• Medialytics
  • Vue3 APOD Search
  • AWS Dashboards
  • 3D/VR Solar System
  • SpaceTrade


Curious about what I can do? Click the tabs above this section to view live demos and code examples.

I'm an AWS Certified Cloud Practitioner and I have become a big fan of the dashboards you can create using their suite of data tools.

To create an interactive dashboard like the one in these screenshots, all you need is a data source and a free AWS account. For this particular dashboard, I started by downloading a free data dump (CSV) of US Congressional Member Social Media Statistics from 2015 through 2020 .

The data and its values weren't in the ideal format(s) for the AWS Quicksight visualization tools, so I chose to host the CSV on AWS S3. This allowed me to leverage AWS Glue for ETL calculations, and the transformed data was then imported as a Quicksight dataset. For the analysis, I chose to highlight comparisons in count of posts, followers, shares, and reactions, and I think the resulting dashboard displays some interesting trends and patterns.

This is a single page application powered by VueJS (Vue3) that allows you to search for the official NASA Astronomy Picture of the Day via their free API.

I recently rebuilt this project using Vue3 and the live demo is hosted via Netlify. While I still find large frontend frameworks like Vue / React / Angular to be slightly overkill for projects like this, I took it as an opportunity to work through the most recent Vue documentation and "best-practice" posts.

I also took this opportunity to check out TailwindCSS, a library I had never worked with before. As a frontend engineer, I can see the benefit of using TailwindCSS for rapid prototyping and (sparingly) within design systems or component libraries. However, there are certain limitations, learning curves, and the ever-present HTML bloat to consider. I think I still prefer custom CSS/SCSS (and I may be biased), but I might start leveraging Tailwind in the early stages of a project.

I also have an older jQuery-only version available at the following links: Demo / Code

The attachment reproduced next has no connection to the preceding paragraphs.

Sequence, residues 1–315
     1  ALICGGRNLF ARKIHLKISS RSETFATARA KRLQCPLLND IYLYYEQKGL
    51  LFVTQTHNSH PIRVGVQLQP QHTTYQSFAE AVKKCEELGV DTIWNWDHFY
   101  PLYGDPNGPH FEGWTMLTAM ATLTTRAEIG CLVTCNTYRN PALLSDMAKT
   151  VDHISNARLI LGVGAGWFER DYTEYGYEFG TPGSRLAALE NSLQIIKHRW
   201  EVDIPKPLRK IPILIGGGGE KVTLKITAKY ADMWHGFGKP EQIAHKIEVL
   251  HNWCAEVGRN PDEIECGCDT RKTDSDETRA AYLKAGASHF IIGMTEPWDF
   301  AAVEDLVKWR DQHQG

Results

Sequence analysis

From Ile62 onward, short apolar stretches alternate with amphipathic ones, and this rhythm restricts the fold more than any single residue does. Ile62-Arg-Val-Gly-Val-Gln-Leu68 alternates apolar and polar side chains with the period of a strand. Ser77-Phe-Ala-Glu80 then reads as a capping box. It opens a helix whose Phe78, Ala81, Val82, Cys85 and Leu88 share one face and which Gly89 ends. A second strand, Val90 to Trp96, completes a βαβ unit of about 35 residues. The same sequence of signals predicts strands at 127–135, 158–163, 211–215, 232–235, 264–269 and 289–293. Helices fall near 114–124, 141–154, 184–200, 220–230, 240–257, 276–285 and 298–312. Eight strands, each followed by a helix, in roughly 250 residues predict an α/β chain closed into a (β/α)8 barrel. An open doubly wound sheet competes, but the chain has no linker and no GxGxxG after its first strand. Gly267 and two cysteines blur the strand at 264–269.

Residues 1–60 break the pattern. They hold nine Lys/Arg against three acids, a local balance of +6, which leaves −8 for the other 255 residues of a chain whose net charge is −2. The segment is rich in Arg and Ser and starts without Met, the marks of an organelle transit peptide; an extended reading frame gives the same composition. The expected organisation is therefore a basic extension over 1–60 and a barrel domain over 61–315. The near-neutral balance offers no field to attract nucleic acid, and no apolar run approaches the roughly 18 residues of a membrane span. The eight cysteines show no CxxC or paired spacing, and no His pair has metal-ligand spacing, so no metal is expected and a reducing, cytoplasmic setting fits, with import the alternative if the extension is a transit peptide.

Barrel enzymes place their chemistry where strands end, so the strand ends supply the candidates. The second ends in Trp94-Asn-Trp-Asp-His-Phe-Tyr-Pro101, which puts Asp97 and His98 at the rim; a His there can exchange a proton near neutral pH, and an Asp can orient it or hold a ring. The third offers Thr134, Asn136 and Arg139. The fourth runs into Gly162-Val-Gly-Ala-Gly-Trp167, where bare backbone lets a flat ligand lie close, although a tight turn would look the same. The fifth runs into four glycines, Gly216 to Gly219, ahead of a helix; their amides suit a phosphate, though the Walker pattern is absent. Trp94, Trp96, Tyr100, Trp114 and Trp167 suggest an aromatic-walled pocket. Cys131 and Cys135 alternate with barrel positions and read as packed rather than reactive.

Medialytics is a single page app that shows you information about the content on your Plex server by parsing the XML feed that it generates.

If you have a hard drive full of media, you can download Plex Media Server (for free) to organize, watch, and/or share your media with friends. It comes with great diagnostic tools that tell you all about your server, e.g. who's watching what media, or which media gets watched the most. Unfortunately, it doesn't give you much information about your personal library of media, such as "Which genre holds the most movies in your collection?". That's where Medialytics comes in.

Instead of analyzing your server and its activity, Medialytics reports on your media library itself (TV & Movies only). Currently it reports on statistics such as longest duration, oldest release date, earliest addition (oldest file created date), and most popular genre / country of origin / release decade / actor / director / studio on a per-library basis.

This is a simple implementation of A-Frame, a client-side JS-based 3D/VR framework.

It's specifically designed to work easily with VR integration, or just simple 3D web applications, by providing a library of simple constructors and behavior that are more commonly reserved for desktop software / engines (e.g. lightbox effects or spacial geometry).

This demo creates a (scaled) representation of our solar system, including Pluto. I have comments in the code describing how and why I modified certain variables in order to create a realistic but also navigable scene. While it's definitely notable that the A-Frame code is so easily initialized (I had this up and running super fast), it's also worth noting that it's a very small amount of code that generates the entire scene (less than 200 lines of JS + JSON combined).

A small JavaScript game similar to Dope Wars and other resource management games, but also includes a randomized encounter system, a Choose-Your-Own-Adventure mechanic, and some experimental UI elements.

It was recently updated to use the awesome Vue.js for binding the frontend to the backend (which required a ground-up re-write) and I think the code benefited enormously from the addition.